With the continuation of street protests in different cities of Iran, the question is: what role will Iran’s Revolutionary Guards Corps (IRGC) play in confronting the current situation?
In normal conditions, confronting whatever is considered as a ‘security threat’ is the responsibility of law enforcement agencies, the Intelligence Ministry, and, if necessary, the Basij. In critical security conditions and with the decision of various security councils, the IRGC becomes the main security force in different cities.
In Iran’s capital, the decision to activate the IRGC rests with the Supreme Council of National Security. If this council decides that law enforcement agencies, the Intelligence Ministry and the Basij cannot confront existing ‘security threats’, the responsibility is handed over to the IRGC at the Sarallah Base. In case this occurs, other security and law enforcement agencies will act within its directives.
As an example, the day after the presidential election on June 12, 2009, Basij forces, upon the request of law enforcement agencies, confronted the protesters. But after June 15, the main responsibility was handed to the IRGC which continued until August 16.
During recent demonstrations, the main responsibility for confronting the protests has been obviously with law enforcement agencies. But in case the protests spread, it can be imagined that the decision about giving – or not giving – the main responsibility of confronting the protesters to the IRGC will be the priority of security councils, such as the Supreme Council of National Security.
However, currently the IRGC confronting protesters will be much more complicated, compared with similar situations that unfolded in 1999 and 2009.
This time, since the street protests broke out, the IRGC’s Spokesperson and affiliated media have tried to rather consistently stress that they have no problems with the protests, and have shown sympathy towards the protesters given the stagnating socio-economic realities in the country.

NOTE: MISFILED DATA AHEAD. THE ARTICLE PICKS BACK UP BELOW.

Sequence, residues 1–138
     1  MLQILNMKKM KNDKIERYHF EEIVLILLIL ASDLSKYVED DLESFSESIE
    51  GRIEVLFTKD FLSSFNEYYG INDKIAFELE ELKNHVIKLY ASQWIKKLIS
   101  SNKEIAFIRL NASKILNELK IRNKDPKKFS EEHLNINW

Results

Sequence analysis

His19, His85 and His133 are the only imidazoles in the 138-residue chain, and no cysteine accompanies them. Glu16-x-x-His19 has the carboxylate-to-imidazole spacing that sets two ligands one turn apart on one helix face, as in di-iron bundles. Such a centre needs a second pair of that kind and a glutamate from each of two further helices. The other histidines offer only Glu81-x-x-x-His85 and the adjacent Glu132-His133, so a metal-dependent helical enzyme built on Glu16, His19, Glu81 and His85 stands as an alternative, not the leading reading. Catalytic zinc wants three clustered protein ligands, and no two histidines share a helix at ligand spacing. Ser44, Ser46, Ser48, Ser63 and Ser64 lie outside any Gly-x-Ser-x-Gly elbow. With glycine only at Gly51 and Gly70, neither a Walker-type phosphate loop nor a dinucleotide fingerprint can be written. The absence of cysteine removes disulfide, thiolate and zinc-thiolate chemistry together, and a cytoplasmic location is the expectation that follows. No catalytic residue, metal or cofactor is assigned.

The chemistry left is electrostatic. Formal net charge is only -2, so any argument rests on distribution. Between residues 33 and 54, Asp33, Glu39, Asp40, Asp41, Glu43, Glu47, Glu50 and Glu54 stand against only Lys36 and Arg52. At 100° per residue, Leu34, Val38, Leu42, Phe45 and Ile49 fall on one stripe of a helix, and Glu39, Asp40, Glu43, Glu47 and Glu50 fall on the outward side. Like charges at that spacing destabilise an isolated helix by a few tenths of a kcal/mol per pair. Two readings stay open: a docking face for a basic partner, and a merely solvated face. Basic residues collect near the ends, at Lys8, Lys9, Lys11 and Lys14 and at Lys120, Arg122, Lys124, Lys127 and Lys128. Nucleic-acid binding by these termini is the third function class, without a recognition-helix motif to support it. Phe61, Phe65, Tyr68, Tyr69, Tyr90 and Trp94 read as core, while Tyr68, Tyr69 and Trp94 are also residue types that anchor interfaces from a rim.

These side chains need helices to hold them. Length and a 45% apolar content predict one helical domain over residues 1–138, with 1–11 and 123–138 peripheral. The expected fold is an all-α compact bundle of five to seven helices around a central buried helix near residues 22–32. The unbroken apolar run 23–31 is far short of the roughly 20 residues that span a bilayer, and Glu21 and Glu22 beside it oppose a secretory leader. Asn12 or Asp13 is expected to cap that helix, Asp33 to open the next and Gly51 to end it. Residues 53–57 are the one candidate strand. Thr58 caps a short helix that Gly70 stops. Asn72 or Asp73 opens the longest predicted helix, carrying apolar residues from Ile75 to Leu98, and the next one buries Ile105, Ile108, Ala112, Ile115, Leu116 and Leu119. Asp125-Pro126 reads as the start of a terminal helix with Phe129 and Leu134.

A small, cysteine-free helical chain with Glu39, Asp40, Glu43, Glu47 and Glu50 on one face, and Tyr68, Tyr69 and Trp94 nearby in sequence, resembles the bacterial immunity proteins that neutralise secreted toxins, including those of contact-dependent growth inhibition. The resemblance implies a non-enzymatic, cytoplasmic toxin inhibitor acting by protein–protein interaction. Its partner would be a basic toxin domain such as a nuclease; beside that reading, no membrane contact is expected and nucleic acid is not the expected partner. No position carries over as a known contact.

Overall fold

At the time of street protests in Mashhad, obviously the IRGC affiliated media portrayed the protesters as showing disenchantment towards certain parts of the government, and that they did not belong to those parts. It was from this position that at the time when the protests started, politicians and IRGC affiliated media noticeably tried to align themselves with ‘those with demands’.
But with each hour that has passed from the beginning of the protests, with their spread to other cities, and with the radicalization of chants covering a diverse spectrum of governmental institutions and policies –crossing ‘absolute red lines’ in Iran – such political steering by politicians and IRGC affiliated media has become much more difficult. The likelihood of the IRGC confronting the protesters, even though imaginable, will be much more difficult than in 1999 and 2009, when the ruling conservatives had called the middle-class protesters –mainly in Tehran – ‘counter-revolutionaries’ from the very beginning.
A while after the IRGC was called on to put down popular urban protests in Islamshahr in 1995 –which was the first Sarallah Base operation, in which several protesters were killed – there was some news in Iran’s political media that showed dissatisfaction of some mid-level IRGC commanders about the use of force in similar confrontations.
A number of critical IRGC commanders had asked their senior officials that in case of another economic protest, the responsibility of confronting it would be given to non-IRGC forces, so that IRGC would remain immune from criticism and prevent reputational damage for ‘cracking down on protestors demonstrating for their livelihoods’. Such protestors, unlike the politically motivated middle-class, couldn’t be charged with political-security accusations. It can be guessed that currently similar preoccupations and dilemmas exist in the ongoing discussions in the Iranian establishment. The result of the discussions, whatever they may be, will naturally influence the direction of future developments in Iran.
Translated Piece: BBC Persian
Opinions in this article reflect the writer’s point of view, not necessarily the view of The Arabain GCIS